Wild Style (1982)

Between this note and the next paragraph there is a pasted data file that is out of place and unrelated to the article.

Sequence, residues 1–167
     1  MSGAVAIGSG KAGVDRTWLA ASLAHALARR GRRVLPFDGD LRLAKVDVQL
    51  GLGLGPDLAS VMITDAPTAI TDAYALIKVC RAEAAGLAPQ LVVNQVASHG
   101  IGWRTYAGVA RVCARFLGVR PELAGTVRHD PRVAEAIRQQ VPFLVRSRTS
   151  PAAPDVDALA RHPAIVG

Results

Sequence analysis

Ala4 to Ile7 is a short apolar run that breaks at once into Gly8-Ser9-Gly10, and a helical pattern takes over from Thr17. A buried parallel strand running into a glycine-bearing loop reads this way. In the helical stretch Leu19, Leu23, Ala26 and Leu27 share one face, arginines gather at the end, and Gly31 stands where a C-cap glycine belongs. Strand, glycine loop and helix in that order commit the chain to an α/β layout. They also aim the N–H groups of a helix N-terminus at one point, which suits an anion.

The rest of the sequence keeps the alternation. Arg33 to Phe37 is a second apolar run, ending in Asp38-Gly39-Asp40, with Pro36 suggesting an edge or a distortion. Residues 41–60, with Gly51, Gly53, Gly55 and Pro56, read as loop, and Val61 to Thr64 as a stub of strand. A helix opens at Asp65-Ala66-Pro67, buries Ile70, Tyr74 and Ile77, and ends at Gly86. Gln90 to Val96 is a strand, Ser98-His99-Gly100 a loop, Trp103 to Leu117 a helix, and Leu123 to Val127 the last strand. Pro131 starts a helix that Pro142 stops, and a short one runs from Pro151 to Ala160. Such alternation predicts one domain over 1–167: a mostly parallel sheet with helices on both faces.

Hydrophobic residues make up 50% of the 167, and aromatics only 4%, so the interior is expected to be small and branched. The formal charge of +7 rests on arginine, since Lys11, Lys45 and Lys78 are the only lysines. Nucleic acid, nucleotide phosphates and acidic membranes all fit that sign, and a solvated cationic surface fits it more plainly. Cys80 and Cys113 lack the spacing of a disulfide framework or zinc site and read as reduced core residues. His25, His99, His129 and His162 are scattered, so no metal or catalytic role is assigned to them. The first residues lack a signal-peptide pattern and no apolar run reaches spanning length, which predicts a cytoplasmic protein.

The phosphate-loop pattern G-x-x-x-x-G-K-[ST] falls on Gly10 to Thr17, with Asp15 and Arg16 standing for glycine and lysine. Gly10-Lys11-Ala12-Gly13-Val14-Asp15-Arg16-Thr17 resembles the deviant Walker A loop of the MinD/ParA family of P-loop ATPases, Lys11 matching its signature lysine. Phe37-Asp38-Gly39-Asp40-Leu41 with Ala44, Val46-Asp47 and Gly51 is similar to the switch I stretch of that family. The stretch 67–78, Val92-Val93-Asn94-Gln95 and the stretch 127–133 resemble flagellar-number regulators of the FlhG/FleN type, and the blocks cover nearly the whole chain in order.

Those clamouring for the days when rap and hip-hop were as non-commercial as they were militant would do well to observe the growth of the movement in places outside the United States. While feelings of nostalgia and the bewilderment of witnessing young white suburbanites shouting the latest ghetto phrases might lead us to believe the original intention of hip-hop has strayed from its course, around the world social revolutions are taking place — in part because of hip-hop. At the inaugural L’International du Cinema Hip Hop de Montréal, held from May 18 to 22, it became evident that hip-hop culture has become a global messenger for a new generation. What is even more astonishing is that in countries such as Cuba, Rwanda, Brazil, Burkina Faso, and Israel/Palestine (all of which featured in films), hip-hop has proven to be as socially malleable as other forms of art, and has adapted more than traditional forms of music. In many parts of the third-world, where the hip-hop movement is developing, you won’t see a majority of youngsters emulating 50 Cent or Snoop Dogg — hip-hop takes its form from each of the unique cultures in which it flourishes. The continuing racial divide in Latin America has been the ideal petri dish in which to cultivate hip-hop. Mexican President Vincente Fox’s recent comments about Mexican immigrants taking jobs “not even the American blacks want” only scratches at the surface of the issues present there for deconstruction. A drama based on a true story, Radio Favela, directed by Helvécio Ratton, chronicles a Brazilian community radio station that formed in the 1980s. The society the young Brazilian black would-be DJs live in is one of racial intolerance most Americans don’t even know exists. They live in the worst of slums and are surrounded by drugs and crime, yet their station is devoted entirely to the celebration of Brazilian music and the desire for social acceptance. While it takes place in Brazil, the story of this pirate station’s struggle to survive could just as easily take place in Chicago, New York, or Los Angeles. It has been theorized that rap music can trace its origins to the traditions of African tribes, but it is American rap and hip-hop that has influenced young Africans. While colonists from Europe left the continent fifty years ago, the repercussions are still being felt. Like the governments of Nyerere in Tanzania and Senghor in Senegal, the youth of Africa desire to not only break away from their colonial past (which they never actually lived through firsthand) but to use hip-hop to forge a true African identity, similar to the way African socialism was seen as infusing the political models of socialist countries of the West with African traditions. Young rappers in Africa ponder the repercussions of adopting a more traditional way of performing. Kaidan Gakian of Niger would prefer to rap in his native tongue and perform with traditional instruments, but risks alienating his diverse fanbase (who only share French as a language). In Hip Hop Ouaga, a documentary directed by Benny Malapa about the Ouaga Hip Hop festival held in Burkina Faso, the rap scene seems not unlike the fledging scene in seventies New York — young Africans meeting to share ideas, experiences, and solutions to the social dilemmas they are facing. Musically diverse rappers from Benin, Niger, Senegal, and the host nation romanticize for themselves what Africa can become, while playing with musicians from France. As a group, the young rappers reached a consensus that African rap is more fresh and positive than the American style, as well as more courageous and militant. This extends to other forms of African hip-hop such as graffiti, traditional dancing, instruments and even acting. As idealists, they also believe in a future Africa as one nation without borders. The problems they face also don’t sound all that much different from what we normally hear from musicians in the West. Daara-J from Senegal spoke of massive pirating in Africa, while all of the young rappers found themselves unable to promote their records properly without a distribution label. The positive contributions of hip-hop in these areas aside, the often-blunt social messages associated with the movement can have the reverse effect. Anat Halachmi’s heartbreaking documentary Channels of Rage chronicles the ultimately doomed relationship between MC Tamer, a Palestinian rapper, and Subliminal, a Jewish rapper. While at first we see them sharing a tour bus, the tumultuous political situation in the region begins to wear on their improbable partnership. While Subliminal is a proud Zionist, his success only reinforces his own notions about his nationalist identity. He and Tamer first rap on stage together (both in Hebrew), and when the crowd chants death threats at Tamer, Subliminal comes to his defence, telling his fans to either support all of the performers or go home. Fast forward a year or so, and Subliminal is one of the top draws in the country, and his lyrics have become increasingly politically charged, “you’re in Tel Aviv you assholes!” As Sub’s star rises, Tamer’s falls as he becomes politically active as well. He is arrested for performing at a pro-Palestinian rally, and is forced to defend himself on Jewish television for comparing the Jews to Nazis. Tamer can’t even find success outside of Israel, and a potential tour of Egypt is quashed because of his Palestinian roots. He does, however, get a chance to tour Europe. Their relationship is a microcosm of the Israel/Palestine conflict, and the film only reinforces the hopelessness of any future reconciliation. Thankfully a more positive ending occurs for the Cuban hip-hop supergroup La Fabri_k (The Factory), in the documentary of the same name directed by Lisandro Perez Rey. The northern town of Alamar, considered the birthplace of Cuban hip-hop because of the radio signals they could pick up from Key West, Florida, is where the two young groups, Doble-Filo and Obsesion, cultivate their brand of old-school hip-hop. It culminates in an opportunity for the group, minus one member, to perform in Florida and New York (the latter accompanied by the Roots). Of course, no film fest about hip-hop could omit the contributions of the United States. Legendary hi-hop documentaries Wild Style and Freestyle: The Art of the Rhyme were shown, and the directors, Charlie Ahearn and Kevin Fitzgerald respectively, attended to provide their insights into the state of hip-hop. Despite a 20-year span separating the making of Wild Style (1982) and Freestyle (2004), the underground hip-hop scene in its country of origin hasn’t changed all that much; except that the participants are even more skilled and competitive. The festival guide describes hip-hop culture as having become “commercialized into a money making syndicate, within the music industries smoky parade of sex, power and money,” but when you watch freestyle guru Supernatural perfect his craft and battle others simply out of pride and love of competition, it becomes evident that beneath the so-called smoky parade lies the same values of yesteryear. The first L’International du Cinema Hip Hop de Montréal could be considered a militant event amid the glut of summer festivals in the city (who benefit from larger government support), and while the films do celebrate the expansion of hip-hop as a global phenomenon, the event did little to promote the burgeoning local scene, which finds itself scratching and clawing for any shred of recognition. Hip-hop in Montreal needs as much help to achieve importance as many of these under-developed nations do. Still, the hip-hop film festival represents a baby step in proving that Montreal is indeed a capable hip-hop city and that hip-hop itself now belongs to the world.